Training Keeps Linder Technicians on Their ’A’ Game

Mon December 18, 2006 - Southeast Edition
CEG



Pick any week of the year and it’s likely that a Linder Industrial Machinery technician is undergoing training.

John Coughlin, vice president of product support, said someone from the service department is taking a class 40 to 45 weeks a year. These range from basic classes on hydraulics, engines, electrics and drive trains to advanced classes that focus on specific models.

For the most part, the classes are held at the Charlotte training lab, but Coughlin will send technicians to Komatsu’s facility in Cartersville, Ga., for training focused on the larger pieces of equipment, such as wheel loaders, dozers and articulating and rigid frame trucks. Techs work in Komatsu’s lab and classroom for one or two week sessions.

The benefits of the training are immediate. Coughlin said technicians who attend the class are able to reduce the amount of time it takes to diagnose a problem, thus reducing down time for the contractor.

It’s the extensive training program that helps to attract and maintain a team of qualified technicians. In addition, Coughlin said Linder offers competitive wages and a solid benefits package.

Linder also has found that increasing the availability of parts has cut down on its customers’ down time. Over the past couple of years, Coughlin said the company has nearly eliminated what used to be a two- or three-day wait for parts. Off-the-shelf availability has increased by 80 percent and 99 percent of the time, customers will have the part by the next day.

In addition, Coughlin said Linder is stocking components beyond the normal wear parts, such as engines, transmissions, final drives and pumps. He said having these items readily available offer customers options rather than just the repair choice.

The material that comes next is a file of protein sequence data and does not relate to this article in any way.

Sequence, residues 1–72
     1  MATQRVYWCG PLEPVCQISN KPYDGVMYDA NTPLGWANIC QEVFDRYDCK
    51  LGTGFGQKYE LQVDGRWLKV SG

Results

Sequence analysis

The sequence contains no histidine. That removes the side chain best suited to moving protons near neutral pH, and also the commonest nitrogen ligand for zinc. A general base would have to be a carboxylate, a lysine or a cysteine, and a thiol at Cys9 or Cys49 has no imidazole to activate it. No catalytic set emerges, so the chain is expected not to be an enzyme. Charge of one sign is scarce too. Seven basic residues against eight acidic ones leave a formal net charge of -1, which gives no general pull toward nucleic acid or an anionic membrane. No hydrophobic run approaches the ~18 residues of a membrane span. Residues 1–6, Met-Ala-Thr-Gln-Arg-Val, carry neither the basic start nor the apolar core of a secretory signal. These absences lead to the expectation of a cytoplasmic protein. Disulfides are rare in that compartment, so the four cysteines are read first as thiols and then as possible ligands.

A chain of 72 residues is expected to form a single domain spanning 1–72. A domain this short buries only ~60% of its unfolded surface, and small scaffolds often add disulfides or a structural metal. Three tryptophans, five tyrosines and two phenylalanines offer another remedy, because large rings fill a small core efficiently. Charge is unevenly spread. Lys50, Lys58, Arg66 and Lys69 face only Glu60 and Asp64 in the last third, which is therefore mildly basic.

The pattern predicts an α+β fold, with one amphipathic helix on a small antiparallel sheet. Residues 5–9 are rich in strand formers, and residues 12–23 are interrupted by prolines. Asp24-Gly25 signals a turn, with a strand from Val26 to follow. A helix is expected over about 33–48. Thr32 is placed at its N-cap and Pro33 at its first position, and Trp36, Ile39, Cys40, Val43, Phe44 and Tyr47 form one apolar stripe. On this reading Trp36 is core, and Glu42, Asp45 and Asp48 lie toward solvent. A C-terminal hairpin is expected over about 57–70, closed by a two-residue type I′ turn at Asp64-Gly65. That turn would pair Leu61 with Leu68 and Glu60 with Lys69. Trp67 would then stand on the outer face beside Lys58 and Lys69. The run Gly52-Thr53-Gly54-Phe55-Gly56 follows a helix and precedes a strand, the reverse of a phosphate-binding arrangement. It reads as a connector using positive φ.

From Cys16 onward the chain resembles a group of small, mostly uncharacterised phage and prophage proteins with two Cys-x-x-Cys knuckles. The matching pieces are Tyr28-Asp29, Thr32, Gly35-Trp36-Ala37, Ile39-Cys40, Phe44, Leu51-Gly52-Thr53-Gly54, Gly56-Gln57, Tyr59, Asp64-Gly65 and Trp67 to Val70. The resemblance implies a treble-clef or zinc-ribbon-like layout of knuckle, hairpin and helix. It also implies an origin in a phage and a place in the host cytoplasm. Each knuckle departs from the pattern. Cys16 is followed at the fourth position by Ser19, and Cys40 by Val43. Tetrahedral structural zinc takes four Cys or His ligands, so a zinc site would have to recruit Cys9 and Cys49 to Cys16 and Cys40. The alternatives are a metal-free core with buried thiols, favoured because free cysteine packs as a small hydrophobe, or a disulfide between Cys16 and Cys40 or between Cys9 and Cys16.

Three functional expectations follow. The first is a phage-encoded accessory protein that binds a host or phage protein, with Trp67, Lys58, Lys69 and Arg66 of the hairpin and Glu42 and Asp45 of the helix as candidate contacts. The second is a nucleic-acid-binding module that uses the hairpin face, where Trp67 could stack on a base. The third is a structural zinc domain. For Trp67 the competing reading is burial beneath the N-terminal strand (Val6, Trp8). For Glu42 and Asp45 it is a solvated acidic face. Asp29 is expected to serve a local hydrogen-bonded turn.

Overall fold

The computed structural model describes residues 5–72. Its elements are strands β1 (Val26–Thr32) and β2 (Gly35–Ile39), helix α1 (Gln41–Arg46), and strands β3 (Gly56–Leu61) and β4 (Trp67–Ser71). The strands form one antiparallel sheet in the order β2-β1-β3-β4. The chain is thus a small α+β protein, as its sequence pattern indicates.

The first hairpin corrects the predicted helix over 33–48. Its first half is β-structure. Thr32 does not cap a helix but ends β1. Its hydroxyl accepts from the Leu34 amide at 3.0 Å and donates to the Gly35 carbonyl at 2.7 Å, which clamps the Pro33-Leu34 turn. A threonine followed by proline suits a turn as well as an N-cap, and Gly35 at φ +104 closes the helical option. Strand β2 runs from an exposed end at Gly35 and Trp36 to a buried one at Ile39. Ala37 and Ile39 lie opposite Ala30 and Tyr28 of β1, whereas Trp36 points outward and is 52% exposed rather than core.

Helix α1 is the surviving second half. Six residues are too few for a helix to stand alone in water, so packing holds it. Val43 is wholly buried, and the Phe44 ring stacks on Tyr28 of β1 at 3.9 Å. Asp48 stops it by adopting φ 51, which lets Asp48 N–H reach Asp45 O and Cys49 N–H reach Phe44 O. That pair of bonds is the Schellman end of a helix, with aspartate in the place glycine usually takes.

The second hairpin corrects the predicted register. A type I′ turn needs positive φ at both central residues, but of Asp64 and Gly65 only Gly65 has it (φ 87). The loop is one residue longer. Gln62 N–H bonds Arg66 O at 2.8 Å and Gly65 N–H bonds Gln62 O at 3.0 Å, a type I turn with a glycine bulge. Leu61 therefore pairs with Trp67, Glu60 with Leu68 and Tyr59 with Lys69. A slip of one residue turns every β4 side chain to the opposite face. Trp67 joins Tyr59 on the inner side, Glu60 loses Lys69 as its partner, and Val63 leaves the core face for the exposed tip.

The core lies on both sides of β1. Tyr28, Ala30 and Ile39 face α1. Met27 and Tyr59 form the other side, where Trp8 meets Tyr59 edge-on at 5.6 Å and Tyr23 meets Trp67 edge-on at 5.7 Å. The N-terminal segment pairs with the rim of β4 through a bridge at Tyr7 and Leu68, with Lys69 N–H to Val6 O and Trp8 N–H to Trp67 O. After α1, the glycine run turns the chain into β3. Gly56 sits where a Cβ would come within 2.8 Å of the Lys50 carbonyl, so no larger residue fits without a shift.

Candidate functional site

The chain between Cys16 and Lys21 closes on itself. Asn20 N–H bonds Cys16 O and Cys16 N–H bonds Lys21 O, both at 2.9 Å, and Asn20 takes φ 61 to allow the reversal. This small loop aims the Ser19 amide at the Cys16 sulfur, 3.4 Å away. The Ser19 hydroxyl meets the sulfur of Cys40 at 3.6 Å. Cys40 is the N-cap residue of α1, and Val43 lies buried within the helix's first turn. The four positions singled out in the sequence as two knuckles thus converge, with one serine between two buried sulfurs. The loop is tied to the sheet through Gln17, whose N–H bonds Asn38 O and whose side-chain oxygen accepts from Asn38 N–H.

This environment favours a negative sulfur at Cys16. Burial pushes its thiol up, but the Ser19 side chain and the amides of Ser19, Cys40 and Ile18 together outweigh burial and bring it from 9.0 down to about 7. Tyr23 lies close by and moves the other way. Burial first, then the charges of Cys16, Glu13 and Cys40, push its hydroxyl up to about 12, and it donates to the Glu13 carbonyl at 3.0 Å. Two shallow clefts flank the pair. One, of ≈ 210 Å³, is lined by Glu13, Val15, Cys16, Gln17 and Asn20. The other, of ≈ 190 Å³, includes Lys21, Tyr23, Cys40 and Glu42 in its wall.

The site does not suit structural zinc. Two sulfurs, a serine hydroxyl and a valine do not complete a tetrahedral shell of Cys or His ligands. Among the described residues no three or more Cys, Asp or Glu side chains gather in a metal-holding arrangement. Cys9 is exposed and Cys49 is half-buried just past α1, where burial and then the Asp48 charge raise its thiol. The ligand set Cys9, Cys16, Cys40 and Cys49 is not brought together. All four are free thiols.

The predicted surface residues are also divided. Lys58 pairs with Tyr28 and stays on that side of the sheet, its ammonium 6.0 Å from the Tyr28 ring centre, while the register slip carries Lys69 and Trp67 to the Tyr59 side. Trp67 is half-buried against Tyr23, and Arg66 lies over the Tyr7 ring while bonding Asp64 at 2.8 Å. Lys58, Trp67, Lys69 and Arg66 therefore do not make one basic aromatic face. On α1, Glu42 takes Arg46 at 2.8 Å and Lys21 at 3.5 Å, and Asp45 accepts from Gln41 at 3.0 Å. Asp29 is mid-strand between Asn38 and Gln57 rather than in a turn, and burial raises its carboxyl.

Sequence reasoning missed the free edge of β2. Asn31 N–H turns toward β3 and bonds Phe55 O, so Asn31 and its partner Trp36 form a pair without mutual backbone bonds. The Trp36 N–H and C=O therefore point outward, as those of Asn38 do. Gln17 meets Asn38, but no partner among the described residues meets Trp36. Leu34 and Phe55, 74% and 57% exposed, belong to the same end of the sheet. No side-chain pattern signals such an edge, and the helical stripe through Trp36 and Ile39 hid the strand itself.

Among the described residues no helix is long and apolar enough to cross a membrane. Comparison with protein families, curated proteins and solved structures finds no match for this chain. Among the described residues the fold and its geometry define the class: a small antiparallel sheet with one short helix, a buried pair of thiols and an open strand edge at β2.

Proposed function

“It’s all in an effort to reduce down time and allow the customer to control the situation,” he said.

The service department is gearing up for the new version of Komtrax, a satellite-based system that transmits information from the equipment to both the end user and the dealership, which is due out in a year and a half. Besides giving the exact location and current hour meter readings, the current system sends alerts when there is a mechanical problem. Coughlin said the new version will be able to provide the same information mentioned and provide details on the machine’s productivity and fuel usage, so the end users will be able to calculate benefits they are receiving from their investment.

Linder has 11 locations in North and South Carolina, six of which are product support branches. By investing in the additional locations, Coughlin said the company is able to expand its footprint and locate the parts closer to its customers. Having technicians strategically placed through out the Carolina’s also cuts down on Linder’s response time.

Each product support branch consists of a parts counter and warehouse and is manned by technicians based in service trucks. Linder’s entire fleet of service trucks are less than three years old and are equipped with three- or four-ton cranes, generators, welders and air compressors.

Additionally, Linder Industrial Machinery has plans on the table to construct a new full service branch in Charlotte and move from the building it has been in since 1952.

The company already has invested $8 million in new facilities upgrades over the past three years, Coughlin said. CEG Staff